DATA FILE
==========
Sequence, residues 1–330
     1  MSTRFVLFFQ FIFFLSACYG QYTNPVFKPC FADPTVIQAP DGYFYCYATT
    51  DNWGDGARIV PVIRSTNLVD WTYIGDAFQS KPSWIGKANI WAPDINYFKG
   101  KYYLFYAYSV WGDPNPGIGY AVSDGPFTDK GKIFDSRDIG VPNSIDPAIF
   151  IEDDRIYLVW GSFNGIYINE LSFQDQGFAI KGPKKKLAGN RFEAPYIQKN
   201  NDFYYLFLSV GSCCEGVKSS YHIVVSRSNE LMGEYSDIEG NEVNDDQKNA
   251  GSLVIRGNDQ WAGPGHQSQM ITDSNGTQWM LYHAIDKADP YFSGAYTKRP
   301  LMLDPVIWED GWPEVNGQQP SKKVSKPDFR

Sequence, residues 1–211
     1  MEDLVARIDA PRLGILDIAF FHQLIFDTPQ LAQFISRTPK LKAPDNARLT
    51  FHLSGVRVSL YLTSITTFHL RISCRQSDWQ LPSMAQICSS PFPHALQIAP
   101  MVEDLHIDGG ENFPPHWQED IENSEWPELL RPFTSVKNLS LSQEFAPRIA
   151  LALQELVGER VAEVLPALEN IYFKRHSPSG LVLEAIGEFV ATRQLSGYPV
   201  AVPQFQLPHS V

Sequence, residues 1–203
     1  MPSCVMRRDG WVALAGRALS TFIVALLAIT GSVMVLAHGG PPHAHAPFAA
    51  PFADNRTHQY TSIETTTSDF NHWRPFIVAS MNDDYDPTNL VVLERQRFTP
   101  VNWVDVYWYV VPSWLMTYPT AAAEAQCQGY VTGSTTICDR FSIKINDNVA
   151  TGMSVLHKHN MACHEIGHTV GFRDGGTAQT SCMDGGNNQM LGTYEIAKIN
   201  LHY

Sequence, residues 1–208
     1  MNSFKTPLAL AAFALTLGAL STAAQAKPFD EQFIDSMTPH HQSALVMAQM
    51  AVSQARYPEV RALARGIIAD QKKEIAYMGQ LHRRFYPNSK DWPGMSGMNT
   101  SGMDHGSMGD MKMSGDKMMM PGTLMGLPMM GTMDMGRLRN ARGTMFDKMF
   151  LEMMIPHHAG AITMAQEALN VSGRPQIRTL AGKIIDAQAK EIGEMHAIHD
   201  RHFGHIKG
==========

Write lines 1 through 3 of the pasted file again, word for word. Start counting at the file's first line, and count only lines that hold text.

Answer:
Sequence, residues 1–330
     1  MSTRFVLFFQ FIFFLSACYG QYTNPVFKPC FADPTVIQAP DGYFYCYATT
    51  DNWGDGARIV PVIRSTNLVD WTYIGDAFQS KPSWIGKANI WAPDINYFKG